Measures Can Be Simple or Complex

Brown says measures can be as simple as tracking the number of group participants or attendees at the groups events. Other options include tracking the number of community events and organizations group members are involved in, particularly if a groups goal is to increase involvement between the company and the community.

A lot of companies measure the impact an employee resource group has on recruitment, according to Brown. She says many organizations will recruit members from the group to go to career fairs or make college visits and then will look at the return on investment from their participation. For example, the organization will want to determine if they are getting the right kinds of new hires, Brown says, as well as whether they are getting more applications and follow-ups from events in which ERG members participate.

"We don't evaluate [employee resource groups] in terms of numbers, which is ironic for an accounting firm," says Lori Golden, AccessAbilities Leader at Ernst & Young., who oversees the firm's disability inclusion efforts. "We do look at the growth of membership, particularly in terms of level, function and geography," she says. "But what we are really looking at is for our groups to identify opportunities for improvement in how we support our people with disabilities."

Ernst & Young also looks at the ways in which individuals participate in the groups activities, according to Golden: "Do they just participate in calls? Are they spearheading activities and events? But the main goal of the firms evaluation efforts," she says, "is to identify the overall results of the groups initiatives, to find out what changes occur as a result of their efforts."

Groups Don't Trump Functional Accountability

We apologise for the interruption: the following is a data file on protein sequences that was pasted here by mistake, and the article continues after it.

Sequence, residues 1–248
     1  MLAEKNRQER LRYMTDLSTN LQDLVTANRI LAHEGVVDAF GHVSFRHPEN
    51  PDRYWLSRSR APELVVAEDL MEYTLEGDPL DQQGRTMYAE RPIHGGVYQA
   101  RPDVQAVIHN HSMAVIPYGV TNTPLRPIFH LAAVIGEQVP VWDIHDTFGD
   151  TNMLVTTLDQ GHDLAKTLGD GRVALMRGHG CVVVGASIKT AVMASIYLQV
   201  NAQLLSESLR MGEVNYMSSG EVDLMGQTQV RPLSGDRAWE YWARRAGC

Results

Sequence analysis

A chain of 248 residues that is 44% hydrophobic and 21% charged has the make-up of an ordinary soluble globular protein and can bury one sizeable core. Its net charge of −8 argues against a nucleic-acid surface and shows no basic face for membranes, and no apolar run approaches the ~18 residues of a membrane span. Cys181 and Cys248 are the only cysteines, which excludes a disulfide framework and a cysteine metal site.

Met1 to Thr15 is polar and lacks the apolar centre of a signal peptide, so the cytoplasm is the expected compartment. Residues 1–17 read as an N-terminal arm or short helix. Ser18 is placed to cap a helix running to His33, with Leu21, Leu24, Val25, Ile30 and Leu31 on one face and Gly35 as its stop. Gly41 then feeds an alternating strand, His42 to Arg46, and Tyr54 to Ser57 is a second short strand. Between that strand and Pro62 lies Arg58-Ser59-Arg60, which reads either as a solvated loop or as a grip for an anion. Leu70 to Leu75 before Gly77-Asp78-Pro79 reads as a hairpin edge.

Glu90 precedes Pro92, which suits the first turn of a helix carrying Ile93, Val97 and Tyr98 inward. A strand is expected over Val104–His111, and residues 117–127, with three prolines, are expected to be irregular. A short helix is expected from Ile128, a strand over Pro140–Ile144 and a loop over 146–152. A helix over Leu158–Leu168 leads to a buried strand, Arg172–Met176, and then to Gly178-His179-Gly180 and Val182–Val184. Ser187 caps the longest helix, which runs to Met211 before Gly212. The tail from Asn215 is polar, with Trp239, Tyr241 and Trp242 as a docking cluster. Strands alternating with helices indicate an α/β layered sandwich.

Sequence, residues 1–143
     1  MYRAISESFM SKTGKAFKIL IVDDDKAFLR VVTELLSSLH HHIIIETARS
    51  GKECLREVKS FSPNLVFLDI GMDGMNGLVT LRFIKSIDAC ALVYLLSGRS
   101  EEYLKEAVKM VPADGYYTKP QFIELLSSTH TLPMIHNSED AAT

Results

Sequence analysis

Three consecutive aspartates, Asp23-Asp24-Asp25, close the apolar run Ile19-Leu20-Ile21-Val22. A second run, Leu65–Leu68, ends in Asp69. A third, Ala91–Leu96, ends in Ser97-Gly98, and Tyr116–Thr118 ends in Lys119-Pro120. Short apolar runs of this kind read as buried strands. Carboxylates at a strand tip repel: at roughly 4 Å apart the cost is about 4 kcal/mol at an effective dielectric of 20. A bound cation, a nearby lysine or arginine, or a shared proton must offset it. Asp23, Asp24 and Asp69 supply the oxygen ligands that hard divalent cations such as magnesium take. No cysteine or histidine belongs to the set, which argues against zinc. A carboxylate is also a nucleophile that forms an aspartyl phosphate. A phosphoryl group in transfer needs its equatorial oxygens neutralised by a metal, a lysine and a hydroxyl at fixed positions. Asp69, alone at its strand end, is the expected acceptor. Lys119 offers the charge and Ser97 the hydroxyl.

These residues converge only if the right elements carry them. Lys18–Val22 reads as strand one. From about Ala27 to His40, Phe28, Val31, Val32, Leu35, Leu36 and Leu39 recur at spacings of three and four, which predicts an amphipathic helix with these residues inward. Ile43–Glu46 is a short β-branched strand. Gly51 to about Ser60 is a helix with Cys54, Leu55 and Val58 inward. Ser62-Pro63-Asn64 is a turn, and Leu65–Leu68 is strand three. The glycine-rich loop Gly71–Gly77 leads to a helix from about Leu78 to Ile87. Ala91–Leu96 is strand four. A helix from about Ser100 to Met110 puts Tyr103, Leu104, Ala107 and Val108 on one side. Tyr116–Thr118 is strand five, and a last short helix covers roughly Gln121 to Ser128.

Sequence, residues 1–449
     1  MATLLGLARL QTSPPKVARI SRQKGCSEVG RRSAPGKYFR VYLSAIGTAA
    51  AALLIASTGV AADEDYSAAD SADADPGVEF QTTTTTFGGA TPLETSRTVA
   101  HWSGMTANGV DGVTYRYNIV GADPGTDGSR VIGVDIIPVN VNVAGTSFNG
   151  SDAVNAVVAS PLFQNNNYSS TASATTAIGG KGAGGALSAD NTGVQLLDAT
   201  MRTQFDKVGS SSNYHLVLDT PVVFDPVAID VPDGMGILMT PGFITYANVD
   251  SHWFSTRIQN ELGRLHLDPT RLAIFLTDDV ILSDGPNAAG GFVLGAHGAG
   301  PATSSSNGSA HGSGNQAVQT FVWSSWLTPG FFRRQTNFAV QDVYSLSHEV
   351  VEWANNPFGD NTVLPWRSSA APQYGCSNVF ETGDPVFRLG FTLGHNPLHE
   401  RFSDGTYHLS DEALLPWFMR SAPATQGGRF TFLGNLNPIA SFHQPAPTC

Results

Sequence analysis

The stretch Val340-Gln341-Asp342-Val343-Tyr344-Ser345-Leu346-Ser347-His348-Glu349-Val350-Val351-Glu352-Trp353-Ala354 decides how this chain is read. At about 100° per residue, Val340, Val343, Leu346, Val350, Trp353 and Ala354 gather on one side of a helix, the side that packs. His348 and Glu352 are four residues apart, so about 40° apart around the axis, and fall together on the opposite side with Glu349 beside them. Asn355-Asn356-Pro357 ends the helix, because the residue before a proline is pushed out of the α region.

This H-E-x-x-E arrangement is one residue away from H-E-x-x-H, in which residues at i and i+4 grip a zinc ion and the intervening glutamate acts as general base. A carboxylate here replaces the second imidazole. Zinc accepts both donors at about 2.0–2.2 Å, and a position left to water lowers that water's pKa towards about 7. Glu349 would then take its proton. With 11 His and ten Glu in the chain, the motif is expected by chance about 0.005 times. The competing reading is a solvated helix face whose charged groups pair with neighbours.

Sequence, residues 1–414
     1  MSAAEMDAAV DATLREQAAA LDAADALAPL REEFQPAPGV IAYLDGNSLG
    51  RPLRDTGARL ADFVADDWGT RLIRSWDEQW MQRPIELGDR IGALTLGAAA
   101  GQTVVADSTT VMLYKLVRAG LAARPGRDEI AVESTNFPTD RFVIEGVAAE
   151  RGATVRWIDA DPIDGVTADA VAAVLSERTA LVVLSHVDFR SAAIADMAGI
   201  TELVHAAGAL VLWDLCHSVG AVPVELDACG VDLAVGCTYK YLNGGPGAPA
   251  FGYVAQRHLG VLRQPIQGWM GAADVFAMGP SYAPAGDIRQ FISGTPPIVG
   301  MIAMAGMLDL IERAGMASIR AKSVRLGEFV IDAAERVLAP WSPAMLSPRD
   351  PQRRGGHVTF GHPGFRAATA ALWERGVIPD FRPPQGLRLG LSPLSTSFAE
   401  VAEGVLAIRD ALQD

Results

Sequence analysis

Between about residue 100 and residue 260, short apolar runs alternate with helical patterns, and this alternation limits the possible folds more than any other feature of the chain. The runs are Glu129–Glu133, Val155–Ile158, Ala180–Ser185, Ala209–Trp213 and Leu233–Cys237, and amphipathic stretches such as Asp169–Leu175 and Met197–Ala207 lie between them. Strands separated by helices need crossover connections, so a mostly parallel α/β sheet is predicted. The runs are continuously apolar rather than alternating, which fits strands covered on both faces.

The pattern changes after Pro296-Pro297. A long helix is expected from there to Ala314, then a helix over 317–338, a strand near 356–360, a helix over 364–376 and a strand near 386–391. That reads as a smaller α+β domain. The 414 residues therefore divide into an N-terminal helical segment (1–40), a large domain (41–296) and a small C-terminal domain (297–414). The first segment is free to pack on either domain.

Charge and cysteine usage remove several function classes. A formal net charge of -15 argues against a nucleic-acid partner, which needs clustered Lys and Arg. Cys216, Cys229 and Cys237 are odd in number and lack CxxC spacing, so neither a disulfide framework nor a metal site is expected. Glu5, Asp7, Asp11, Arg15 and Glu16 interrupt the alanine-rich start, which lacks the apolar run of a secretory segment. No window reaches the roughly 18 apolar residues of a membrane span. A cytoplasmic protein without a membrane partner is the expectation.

Groups can't be held accountable for everything. I don't think you can measure the success or failure of an ERG based on whether retention numbers increase or decrease, Brown says. "They can't influence the day-to-day experience of an employee in a company. Its the relationship with the manager that impacts retention."

However, Brown says, groups can be involved in the creation of a retention strategy. Similarly, they can be evaluated on the basis of other initiatives, such as mentoring programs. "However, if someone goes through the mentoring program and has a bad experience with their manager, we can't blame it on the ERG," she cautions.

The same principle applies to group efforts involving customers and market share. Some organizations use their affinity groups to make inroads into a specific community, Brown says, and may try to blame the group if the results are lower than expected. But she says such buck passing is unacceptable: "You cannot hold the affinity group accountable for anything that has a business function which is responsible for it," she says. "The affinity group can support every business function but they cannot be held responsible for the function."